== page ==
What’s more, refinancing lets you restructure your debt by choosing a new repayment plan. You might shorten your term to pay your loan off fast. Or you could give yourself extra time and decrease your monthly bills.
Most student loan refinancing companies, whether they’re a bank, credit union or online lender such as SoFi or Earnest, offer both variable and fixed rates, as well as flexible repayment terms often between five and 20 years.
If you’re considering refinancing, make sure to compare offers from a few different lenders. You can check your rates online after providing a few basic pieces of information (and don’t worry, your credit won’t be impacted).
By shopping around, you could find your best offer for a refinanced student loan.
- You may benefit by creating an easier-to-manage financial situation, getting better terms or securing lower monthly payments.
- One big benefit of consolidating private student loans through refinancing is potentially securing a much lower interest rate. Your rate will be based on your creditworthiness or that of a cosigner.
- If your credit score has significantly improved from the time you took out your loans, or you have built a solid income and employment history, you’re more likely to get a low rate that could make refinancing a smart financial move.
- When considering consolidation, keep in mind whether you’re also extending the repayment term. Again, with more payments comes more interest.
- While there’s no cost to originate a federal Direct consolidation loan, some private lenders will charge an origination fee.
- A credit check is required to consolidate private student loans via refinancing, which may be a downside, depending on your credit history.
Refinancing and consolidating your loans through a private lender — and not the federal government — means you are taking out a private loan. If you refinance federal student loans, they will no longer be eligible for federal repayment options that can help you out during tough times, such as,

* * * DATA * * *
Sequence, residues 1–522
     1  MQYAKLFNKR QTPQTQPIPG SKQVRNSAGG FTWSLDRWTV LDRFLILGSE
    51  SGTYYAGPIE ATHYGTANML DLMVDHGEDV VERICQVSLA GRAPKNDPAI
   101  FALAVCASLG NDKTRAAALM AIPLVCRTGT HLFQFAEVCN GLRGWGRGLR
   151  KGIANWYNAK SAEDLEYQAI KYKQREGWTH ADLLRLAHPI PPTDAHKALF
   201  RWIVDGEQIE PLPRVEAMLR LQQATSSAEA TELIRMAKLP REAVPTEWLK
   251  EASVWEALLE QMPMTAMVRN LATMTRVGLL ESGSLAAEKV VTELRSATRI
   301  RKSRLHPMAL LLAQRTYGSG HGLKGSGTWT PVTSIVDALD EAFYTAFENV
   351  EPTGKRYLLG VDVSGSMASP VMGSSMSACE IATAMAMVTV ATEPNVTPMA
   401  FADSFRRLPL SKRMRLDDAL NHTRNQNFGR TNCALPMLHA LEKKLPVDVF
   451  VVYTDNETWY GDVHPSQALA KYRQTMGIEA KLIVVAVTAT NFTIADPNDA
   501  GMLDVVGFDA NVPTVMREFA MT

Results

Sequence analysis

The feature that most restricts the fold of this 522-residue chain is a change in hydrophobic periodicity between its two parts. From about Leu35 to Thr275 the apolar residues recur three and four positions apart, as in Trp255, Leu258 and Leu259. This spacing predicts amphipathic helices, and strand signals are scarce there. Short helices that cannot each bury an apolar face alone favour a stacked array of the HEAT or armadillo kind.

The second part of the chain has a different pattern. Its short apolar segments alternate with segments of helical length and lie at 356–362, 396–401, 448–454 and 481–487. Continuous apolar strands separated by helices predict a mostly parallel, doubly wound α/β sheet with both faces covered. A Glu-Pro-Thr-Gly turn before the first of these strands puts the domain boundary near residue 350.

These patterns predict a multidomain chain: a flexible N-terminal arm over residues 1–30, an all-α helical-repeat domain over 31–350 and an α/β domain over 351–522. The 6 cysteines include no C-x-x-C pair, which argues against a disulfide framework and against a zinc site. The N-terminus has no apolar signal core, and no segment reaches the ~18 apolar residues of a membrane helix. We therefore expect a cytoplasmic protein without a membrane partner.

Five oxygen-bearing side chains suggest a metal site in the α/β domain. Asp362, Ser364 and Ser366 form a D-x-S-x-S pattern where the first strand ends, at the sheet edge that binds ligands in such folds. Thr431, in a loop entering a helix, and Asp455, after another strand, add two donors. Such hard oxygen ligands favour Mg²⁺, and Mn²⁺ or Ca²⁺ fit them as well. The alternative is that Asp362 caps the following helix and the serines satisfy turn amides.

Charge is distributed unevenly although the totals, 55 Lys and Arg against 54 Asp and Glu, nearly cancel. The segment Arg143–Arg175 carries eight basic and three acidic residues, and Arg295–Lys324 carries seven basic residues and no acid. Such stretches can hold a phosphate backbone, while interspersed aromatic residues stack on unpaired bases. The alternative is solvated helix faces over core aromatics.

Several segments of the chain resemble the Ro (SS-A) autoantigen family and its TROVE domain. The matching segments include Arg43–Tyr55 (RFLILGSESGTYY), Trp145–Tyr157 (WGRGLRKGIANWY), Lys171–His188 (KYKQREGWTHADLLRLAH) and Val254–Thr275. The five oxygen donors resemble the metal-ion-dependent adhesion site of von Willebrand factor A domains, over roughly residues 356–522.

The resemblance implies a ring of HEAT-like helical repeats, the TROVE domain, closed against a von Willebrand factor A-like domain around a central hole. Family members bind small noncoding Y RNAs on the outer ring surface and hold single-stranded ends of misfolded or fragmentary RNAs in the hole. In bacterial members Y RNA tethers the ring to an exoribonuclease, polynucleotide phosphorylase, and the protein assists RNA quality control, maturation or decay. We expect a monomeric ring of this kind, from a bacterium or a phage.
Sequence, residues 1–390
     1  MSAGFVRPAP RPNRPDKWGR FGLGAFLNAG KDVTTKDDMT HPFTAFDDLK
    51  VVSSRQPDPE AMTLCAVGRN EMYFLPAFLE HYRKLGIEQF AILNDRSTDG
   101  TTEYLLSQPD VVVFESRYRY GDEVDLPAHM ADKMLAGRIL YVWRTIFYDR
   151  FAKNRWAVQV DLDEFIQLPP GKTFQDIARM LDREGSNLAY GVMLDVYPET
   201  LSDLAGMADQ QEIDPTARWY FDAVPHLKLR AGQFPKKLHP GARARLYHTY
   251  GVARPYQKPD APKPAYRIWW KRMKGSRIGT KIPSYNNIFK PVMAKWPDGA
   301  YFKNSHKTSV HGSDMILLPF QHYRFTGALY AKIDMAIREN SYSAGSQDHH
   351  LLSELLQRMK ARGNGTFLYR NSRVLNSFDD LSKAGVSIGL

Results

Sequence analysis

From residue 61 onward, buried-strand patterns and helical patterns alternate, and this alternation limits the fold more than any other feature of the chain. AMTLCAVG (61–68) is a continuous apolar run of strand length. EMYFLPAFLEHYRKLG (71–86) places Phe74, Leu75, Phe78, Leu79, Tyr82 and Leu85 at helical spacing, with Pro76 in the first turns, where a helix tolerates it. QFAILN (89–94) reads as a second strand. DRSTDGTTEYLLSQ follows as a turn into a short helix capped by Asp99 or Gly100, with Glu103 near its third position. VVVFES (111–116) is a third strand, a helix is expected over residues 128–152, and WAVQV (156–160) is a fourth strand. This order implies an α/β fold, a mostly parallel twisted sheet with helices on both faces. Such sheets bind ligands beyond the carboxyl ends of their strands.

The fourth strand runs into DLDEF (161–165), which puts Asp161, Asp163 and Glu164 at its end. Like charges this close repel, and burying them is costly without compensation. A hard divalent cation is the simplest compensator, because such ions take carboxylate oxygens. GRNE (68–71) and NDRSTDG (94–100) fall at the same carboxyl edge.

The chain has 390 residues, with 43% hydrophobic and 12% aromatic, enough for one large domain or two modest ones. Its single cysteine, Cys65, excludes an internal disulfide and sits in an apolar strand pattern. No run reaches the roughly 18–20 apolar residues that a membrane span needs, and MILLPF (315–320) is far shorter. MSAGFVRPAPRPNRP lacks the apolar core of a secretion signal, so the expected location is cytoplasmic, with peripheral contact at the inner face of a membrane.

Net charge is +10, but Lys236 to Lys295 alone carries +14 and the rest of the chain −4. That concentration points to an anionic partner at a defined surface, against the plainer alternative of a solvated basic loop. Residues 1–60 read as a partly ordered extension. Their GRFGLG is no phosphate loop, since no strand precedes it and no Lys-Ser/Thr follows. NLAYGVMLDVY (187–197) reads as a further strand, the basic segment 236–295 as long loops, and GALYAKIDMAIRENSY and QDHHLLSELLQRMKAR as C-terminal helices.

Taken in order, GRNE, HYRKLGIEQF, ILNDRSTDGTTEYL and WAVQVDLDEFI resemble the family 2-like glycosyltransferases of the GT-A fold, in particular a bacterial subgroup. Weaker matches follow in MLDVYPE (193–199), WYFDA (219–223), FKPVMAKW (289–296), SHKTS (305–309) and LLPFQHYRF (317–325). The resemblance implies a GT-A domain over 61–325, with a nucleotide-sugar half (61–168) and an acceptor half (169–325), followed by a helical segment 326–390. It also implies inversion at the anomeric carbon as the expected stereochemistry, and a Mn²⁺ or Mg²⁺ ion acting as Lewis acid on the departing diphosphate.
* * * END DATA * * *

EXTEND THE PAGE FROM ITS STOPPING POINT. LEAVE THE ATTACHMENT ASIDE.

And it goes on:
- Income-driven repayment plans, which adjust your monthly payments to a percentage of your discretionary income
- Public Service Loan Forgiveness (PSLF) or other loan forgiveness programs, which offer loan forgiveness in exchange for service
- Federal deferment or forbearance, which pause payments if you run into financial hardship or have another qualifying reason
Most private lenders don’t offer these same plans, though some might grant forbearance (or temporarily pause your payments) during a time of financial hardship.
Before turning any federal student loans into a private one through refinancing, make sure you’re confident about your ability to keep up with repayment, as you’ll lose access to federal protections.
Whether you have federal student loans, private student loans or both, consolidation could be a good fit for you if you’re looking to simplify repayment and ease the burden of numerous due dates and loan servicers.
Federal student loan consolidation via a Direct consolidation loan can also lower your payments (assuming you choose a longer payoff term), but can result in higher interest charges over time.
Consolidating and refinancing with a private lender, on the other hand, could lower your monthly payments or save you money on interest — or maybe even accomplish both.
Before making changes to your student loans, make sure you understand the ins and outs of both types of consolidation. By doing your due diligence, you’ll have a clear sense of how consolidation or refinancing will affect your costs of borrowing over the life of your loans.
Melanie Lockert contributed to this article.